Michael Trommer is a Toronto-based sound and video artist; his practice has been focused primarily on psychogeographical and acoustemological explorations of anthropocentric space via the use of VR, ambisonic and tactile sound, field recordings, immersive installation and expanded cinema. He has exhibited and performed his work at galleries and festivals throughout the world. In addition to teaching graduate sound design and sound art at George Brown College, Michael also teaches Think Tank at OCAD University and is currently a PhD candidate in Cinema and Media Arts at York University.
Why did you get involved in this project?
I was fascinated by the prospect of working anonymously and independently with unknown collaborators; it seemed to be a strangely appropriate metaphor for the strange social dis/re-connect I was experiencing during my life in isolation.
Did the one week turn-around for the work help or hinder your creativity?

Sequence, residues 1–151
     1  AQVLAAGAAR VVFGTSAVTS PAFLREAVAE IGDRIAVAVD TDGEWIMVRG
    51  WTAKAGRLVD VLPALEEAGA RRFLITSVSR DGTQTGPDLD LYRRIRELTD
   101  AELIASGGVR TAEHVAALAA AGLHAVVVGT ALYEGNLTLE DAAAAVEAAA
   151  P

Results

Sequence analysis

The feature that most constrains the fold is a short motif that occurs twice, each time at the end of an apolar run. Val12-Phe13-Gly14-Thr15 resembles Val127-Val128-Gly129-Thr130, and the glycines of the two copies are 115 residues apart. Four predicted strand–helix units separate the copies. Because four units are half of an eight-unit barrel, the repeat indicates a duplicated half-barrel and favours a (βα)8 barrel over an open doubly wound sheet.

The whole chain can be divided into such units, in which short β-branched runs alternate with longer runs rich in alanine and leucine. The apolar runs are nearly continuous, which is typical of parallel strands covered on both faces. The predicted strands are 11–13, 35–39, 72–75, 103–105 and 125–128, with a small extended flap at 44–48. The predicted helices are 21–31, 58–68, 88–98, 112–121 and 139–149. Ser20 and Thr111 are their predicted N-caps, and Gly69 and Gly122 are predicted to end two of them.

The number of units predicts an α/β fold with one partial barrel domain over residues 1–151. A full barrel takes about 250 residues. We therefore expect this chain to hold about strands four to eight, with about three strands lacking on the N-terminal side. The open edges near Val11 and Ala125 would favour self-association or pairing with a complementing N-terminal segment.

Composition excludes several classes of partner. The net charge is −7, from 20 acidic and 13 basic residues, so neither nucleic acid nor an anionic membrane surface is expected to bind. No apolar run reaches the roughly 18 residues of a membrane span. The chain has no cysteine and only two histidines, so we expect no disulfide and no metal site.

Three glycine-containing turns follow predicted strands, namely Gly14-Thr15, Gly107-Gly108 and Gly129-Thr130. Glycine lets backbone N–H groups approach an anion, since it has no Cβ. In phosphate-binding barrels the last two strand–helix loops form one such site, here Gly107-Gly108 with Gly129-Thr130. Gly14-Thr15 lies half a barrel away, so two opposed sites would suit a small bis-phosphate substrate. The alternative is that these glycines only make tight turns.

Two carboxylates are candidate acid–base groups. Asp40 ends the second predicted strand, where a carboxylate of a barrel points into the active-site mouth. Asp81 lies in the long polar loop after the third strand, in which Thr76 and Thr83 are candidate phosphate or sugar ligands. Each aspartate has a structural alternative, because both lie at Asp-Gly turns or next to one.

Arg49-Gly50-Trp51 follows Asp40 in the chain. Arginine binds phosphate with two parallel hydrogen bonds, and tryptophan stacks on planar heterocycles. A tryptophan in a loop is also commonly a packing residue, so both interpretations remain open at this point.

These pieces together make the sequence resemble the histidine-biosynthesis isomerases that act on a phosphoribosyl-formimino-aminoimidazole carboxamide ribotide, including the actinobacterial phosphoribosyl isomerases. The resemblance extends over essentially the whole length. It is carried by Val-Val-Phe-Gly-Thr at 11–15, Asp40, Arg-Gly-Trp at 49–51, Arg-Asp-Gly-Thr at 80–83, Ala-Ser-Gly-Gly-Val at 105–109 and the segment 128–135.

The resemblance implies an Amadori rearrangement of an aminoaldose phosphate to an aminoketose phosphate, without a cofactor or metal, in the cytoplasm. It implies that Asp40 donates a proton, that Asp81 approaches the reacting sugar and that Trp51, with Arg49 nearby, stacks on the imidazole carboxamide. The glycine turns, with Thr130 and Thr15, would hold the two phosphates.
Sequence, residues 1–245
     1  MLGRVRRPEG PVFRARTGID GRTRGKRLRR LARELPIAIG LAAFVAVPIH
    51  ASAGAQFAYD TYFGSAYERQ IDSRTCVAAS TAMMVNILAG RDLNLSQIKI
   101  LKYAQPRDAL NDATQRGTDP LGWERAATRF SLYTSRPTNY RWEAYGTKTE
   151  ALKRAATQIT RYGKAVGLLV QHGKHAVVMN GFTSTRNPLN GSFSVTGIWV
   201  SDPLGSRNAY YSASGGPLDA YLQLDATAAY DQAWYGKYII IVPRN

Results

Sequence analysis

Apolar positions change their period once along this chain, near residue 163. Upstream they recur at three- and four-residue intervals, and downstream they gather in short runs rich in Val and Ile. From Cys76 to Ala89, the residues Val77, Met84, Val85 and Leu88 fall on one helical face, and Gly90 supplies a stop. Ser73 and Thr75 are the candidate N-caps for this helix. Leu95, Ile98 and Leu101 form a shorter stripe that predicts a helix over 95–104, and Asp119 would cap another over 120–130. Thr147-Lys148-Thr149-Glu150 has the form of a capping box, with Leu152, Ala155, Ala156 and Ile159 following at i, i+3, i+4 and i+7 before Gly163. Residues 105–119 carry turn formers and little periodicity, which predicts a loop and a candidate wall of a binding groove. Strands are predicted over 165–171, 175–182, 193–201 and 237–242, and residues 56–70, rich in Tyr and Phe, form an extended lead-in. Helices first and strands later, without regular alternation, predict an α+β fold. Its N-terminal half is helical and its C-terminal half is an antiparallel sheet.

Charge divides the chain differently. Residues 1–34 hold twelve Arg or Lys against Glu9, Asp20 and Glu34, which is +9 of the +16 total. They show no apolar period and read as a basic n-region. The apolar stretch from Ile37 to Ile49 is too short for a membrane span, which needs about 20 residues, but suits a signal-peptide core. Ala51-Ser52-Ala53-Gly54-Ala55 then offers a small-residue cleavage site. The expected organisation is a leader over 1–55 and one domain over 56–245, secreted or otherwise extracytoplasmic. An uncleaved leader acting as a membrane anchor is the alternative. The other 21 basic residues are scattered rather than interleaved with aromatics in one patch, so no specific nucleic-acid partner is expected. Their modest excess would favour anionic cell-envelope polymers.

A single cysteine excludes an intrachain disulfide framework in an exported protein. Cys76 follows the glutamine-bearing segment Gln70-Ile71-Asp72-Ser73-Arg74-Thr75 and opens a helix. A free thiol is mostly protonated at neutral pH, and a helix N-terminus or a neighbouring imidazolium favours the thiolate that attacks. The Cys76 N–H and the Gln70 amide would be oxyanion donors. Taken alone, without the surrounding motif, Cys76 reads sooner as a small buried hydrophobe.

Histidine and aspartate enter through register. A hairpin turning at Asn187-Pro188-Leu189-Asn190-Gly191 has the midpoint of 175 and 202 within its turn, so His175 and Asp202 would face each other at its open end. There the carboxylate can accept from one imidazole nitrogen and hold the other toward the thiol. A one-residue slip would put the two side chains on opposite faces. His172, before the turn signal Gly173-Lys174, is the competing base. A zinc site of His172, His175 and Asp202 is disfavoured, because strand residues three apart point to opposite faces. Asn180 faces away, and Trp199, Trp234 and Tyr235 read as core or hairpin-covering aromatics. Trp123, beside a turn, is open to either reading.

I didn’t find the process to be particularly different from the way I usually work. Having said this, the tight deadline did encourage me to commit rather than engage in the endless fine-tuning I often find myself spiraling into.
How did you feel about working on a project where you didn’t know who you were collaborating with?
Being the final link in the creative chain, I naturally became very intrigued by the creative decisions made by the people who preceded me. Given the fact that my research focuses on the deeply affective and narratively complex capacities of sound, being afforded the leeway for creative (yet hopefully respectful) (re)interpretation of previous contributors’ anonymous, unexplained input made for a very compelling exercise.
Has being involved in the project changed your thoughts on creativity?
I found the text, images and composition of the piece I received to be both inventive and inspiring and was quite surprised to discover that the individuals involved in the piece had only marginal (if any) experience in film production. In many respects, the experience upholds Joseph Beuys’ notion that ‘everyone is an artist’.